Monthly Archives: June 2011

Measuring Exercise Intensity

The American Heart Association recommends 30 to 60 minutes of exercise daily.  A number of different activities such as walking, cycling, swimming, or jogging will improve the health of your cardiovascular system.  A common question asked from people starting an exercise program is “how intense must the exercise be to produce the desired benefits for the heart and lungs?”  The answer is in measuring your heart rate and respiration.

An easy and specific method for measuring the intensity of exercise is by wearing a heart rate monitor.  These can be purchased at most sporting goods stores for under $100 and are easy to use.  An elastic strap is worn around the chest that transmits your heart rate to a wrist watch that displays your pulse.  As the intensity of exercise increases, so will your heart rate, allowing you to constantly monitor your intensity level just by checking your watch.  The recommended “zone” for cardiovascular exercise is in between 60% to 80% of your maximum heart rate.  This zone can be calculated by using the following formula:

220 – (your age)   x  .6

220 – (your age)   x  .8

An example for a 60 year old would be as follows:  220 – 60 = 160 (max heart rate)

160 x .6 = 96 beats per minute

160 x .8 = 128 beats per minute

The cardiovascular zone would be from 96 to 128 beats per minute.

A less specific method for determining the proper exercise intensity is by monitoring your breathing pattern.  At the lower end of the zone you should be able to sing or hold a conversation with minor difficulty.  At the upper end of the zone, speaking 3 to 4 words will be difficult before needing to breathe.  If you can not speak more than one word before needing to breathe, the intensity is probably too high.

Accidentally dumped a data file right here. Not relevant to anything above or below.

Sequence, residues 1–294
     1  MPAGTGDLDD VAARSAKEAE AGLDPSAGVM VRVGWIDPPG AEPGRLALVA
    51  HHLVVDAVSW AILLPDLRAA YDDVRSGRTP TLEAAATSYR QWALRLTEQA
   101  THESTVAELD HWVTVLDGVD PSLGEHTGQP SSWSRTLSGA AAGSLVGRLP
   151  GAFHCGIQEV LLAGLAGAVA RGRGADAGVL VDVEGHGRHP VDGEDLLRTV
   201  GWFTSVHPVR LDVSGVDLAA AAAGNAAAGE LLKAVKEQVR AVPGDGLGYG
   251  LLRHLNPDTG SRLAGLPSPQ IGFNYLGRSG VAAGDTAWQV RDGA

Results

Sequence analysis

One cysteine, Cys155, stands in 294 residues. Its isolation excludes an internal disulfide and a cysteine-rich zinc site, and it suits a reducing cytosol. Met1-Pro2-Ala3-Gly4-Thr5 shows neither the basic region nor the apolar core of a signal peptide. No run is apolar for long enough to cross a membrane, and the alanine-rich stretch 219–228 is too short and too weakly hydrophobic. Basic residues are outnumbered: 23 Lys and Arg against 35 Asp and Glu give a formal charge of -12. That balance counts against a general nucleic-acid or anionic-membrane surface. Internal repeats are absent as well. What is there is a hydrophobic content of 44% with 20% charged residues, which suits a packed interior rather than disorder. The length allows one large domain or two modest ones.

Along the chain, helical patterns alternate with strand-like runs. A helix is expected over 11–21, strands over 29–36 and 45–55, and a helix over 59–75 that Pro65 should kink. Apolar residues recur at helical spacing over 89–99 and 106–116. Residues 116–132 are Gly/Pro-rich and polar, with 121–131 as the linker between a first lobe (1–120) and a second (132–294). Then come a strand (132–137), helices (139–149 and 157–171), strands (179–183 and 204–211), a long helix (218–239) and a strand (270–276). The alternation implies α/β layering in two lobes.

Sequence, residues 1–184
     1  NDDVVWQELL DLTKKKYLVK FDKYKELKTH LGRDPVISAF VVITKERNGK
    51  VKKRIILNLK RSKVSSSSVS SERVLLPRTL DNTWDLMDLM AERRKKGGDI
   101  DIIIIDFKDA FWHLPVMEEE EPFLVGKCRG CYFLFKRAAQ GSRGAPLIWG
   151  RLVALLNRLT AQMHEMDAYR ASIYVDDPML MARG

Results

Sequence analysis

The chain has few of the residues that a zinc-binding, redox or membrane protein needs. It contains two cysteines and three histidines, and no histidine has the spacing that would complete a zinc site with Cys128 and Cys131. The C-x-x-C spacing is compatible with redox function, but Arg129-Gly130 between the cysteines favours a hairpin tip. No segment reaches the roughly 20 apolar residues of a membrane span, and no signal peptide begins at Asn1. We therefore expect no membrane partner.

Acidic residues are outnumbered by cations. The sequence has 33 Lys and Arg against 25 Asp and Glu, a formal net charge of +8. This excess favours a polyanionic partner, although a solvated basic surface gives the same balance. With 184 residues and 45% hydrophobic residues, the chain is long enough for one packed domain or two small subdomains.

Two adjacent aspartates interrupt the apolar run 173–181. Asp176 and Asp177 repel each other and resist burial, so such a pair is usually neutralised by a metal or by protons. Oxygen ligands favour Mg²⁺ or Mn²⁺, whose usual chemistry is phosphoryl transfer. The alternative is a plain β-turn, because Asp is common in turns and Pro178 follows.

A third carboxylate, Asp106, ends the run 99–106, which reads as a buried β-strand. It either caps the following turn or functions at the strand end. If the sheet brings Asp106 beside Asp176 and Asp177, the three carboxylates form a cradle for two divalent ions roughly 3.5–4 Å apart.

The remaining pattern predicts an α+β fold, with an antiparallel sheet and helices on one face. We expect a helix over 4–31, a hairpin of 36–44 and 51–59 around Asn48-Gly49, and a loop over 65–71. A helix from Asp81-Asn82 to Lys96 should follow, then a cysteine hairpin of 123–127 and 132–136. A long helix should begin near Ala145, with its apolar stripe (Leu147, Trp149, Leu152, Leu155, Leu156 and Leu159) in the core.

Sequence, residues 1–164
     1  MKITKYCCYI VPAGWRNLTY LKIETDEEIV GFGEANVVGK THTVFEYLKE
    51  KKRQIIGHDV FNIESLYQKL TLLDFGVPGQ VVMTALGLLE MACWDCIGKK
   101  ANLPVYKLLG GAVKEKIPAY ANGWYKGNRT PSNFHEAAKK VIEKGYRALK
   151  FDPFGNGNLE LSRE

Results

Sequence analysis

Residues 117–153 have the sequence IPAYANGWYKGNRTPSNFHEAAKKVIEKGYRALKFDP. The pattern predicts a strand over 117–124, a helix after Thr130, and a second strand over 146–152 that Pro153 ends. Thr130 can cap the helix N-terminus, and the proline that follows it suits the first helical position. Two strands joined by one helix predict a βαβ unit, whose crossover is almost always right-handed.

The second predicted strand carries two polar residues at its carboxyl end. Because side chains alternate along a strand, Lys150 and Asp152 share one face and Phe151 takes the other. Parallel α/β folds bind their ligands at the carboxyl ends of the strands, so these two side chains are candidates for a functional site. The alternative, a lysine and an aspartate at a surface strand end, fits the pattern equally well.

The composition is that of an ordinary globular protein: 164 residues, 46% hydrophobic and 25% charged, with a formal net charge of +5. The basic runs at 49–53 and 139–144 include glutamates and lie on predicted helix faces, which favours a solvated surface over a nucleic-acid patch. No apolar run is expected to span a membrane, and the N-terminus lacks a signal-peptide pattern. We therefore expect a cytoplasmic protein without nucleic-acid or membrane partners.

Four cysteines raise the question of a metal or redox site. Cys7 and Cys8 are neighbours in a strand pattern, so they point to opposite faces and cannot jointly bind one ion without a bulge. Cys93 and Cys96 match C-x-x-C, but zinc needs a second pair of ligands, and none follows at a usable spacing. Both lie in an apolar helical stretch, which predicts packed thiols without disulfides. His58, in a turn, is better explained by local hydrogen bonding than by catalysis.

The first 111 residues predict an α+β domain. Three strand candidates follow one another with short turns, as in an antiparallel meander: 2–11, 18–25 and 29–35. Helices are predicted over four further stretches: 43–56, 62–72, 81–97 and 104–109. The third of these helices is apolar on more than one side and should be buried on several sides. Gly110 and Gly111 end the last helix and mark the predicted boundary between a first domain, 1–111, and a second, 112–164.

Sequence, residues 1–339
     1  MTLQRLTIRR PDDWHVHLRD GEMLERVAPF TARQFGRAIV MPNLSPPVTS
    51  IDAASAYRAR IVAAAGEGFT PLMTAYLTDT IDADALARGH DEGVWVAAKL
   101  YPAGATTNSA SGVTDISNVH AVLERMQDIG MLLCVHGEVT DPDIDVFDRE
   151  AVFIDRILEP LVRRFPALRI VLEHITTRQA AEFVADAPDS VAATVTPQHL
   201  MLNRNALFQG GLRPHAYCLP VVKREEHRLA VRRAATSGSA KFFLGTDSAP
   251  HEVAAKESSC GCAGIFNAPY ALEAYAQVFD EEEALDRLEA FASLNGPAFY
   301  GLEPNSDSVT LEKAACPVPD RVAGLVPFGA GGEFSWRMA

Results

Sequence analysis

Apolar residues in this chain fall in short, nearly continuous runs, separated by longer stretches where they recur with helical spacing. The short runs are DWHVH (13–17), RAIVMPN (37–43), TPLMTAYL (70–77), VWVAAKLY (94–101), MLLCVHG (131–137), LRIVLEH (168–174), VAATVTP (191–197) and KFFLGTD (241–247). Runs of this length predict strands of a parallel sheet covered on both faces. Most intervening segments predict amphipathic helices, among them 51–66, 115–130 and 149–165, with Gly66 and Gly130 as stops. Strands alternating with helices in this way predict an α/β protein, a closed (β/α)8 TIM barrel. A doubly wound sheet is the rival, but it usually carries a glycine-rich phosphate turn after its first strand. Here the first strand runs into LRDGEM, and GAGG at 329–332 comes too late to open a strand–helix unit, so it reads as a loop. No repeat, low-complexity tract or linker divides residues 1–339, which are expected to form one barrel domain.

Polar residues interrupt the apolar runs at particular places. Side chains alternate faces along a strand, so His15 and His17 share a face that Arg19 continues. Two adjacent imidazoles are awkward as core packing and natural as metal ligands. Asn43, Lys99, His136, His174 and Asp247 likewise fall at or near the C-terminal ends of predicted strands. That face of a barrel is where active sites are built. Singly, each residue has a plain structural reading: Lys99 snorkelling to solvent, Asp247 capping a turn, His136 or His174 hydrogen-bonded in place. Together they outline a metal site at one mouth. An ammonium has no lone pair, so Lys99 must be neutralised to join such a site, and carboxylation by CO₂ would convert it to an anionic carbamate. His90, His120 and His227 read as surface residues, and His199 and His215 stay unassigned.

Monitoring the intensity of your daily exercise will allow you to maximize the benefits of your efforts.  Be sure to consult with your physician before starting any exercise program.

By Steve Bernstein, PT,OMT


What’s up with Glucosamine and Chondroitin?

There is a lot to that question, and we’ll cover some details below if you care to read more, but the basic answer is: it probably can’t hurt, and it might help.

We have recently noticed a surge in advertisements for these two products, with claims to offer major benefit for stiff and painful joints. So, we felt it would be helpful to pass along our assessment of the value of these supplements and our opinion of what is sensible vs. what is nonsense.

First, what are we talking about?

Glucosamine and chondroitin sulfate are natural substances found in and around the cells of cartilage. Glucosamine is an amino sugar that the body produces and distributes in cartilage and other connective tissue, and chondroitin sulfate is a complex carbohydrate that helps cartilage retain water.1 In the United States, glucosamine and chondroitin sulfate are sold as dietary supplements, which are regulated as foods rather than drugs1. The interest in using these elements became popular as a result of the reports of successful use in the veterinary arena and in the 1997 book “The Arthritis Cure”2.

Most of the reports on the use of these supplements have come from non-scientific reports. Many sources advocate the inclusion of other substances with the daily dose of glucosamine and chondroitin, thus it makes it difficult to know if in fact any effect or benefit noted is a result of the glucosamine, the chodroitin, both, or from one or more combinations of the other ingredients in the product being marketed.

An ingredient that many preparations include is MSM (Methylsulfonylmethane). The reported advantage of this chemical, that is found in small quantities in many foods, is that it provides sulfur to the body in a very useable form. Sulfur is reported as being beneficial because it helps in forming connective tissue cross-linkages.3 Glucosamine and chondroitin are the building blocks of joint cartilage and, thus, are bound together by sulfur bonds.3 So, combining MSM and glucosamine and chondroitin would seem to be sensible.

There is one recent study that points to the potential benefit of MSM. The paper was published in 2006 and reported on the results of a study done in 2004 by Southwest College Research Institute, Southwest College of Naturopathic Medicine & Health Sciences, Tempe, AZ. It was published in Osteoarthritis and Cartilage and reported statistically significant reductions in pain and in difficulty performing activities of daily living compared to a placebo control group.